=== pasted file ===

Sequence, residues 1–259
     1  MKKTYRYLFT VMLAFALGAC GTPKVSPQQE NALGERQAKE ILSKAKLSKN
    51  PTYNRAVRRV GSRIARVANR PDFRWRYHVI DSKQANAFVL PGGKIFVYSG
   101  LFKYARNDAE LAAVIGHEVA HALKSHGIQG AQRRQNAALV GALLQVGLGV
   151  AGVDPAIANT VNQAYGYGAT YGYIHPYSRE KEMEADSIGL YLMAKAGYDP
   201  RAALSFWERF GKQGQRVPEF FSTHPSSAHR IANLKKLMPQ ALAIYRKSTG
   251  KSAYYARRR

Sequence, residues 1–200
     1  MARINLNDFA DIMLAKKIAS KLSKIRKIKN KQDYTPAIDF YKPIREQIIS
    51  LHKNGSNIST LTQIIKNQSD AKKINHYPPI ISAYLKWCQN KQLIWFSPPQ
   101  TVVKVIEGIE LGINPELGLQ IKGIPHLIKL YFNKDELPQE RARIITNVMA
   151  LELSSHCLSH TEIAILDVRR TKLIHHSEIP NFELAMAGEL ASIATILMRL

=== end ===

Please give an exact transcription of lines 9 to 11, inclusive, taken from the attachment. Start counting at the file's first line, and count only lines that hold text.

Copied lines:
     1  MARINLNDFA DIMLAKKIAS KLSKIRKIKN KQDYTPAIDF YKPIREQIIS
    51  LHKNGSNIST LTQIIKNQSD AKKINHYPPI ISAYLKWCQN KQLIWFSPPQ
   101  TVVKVIEGIE LGINPELGLQ IKGIPHLIKL YFNKDELPQE RARIITNVMA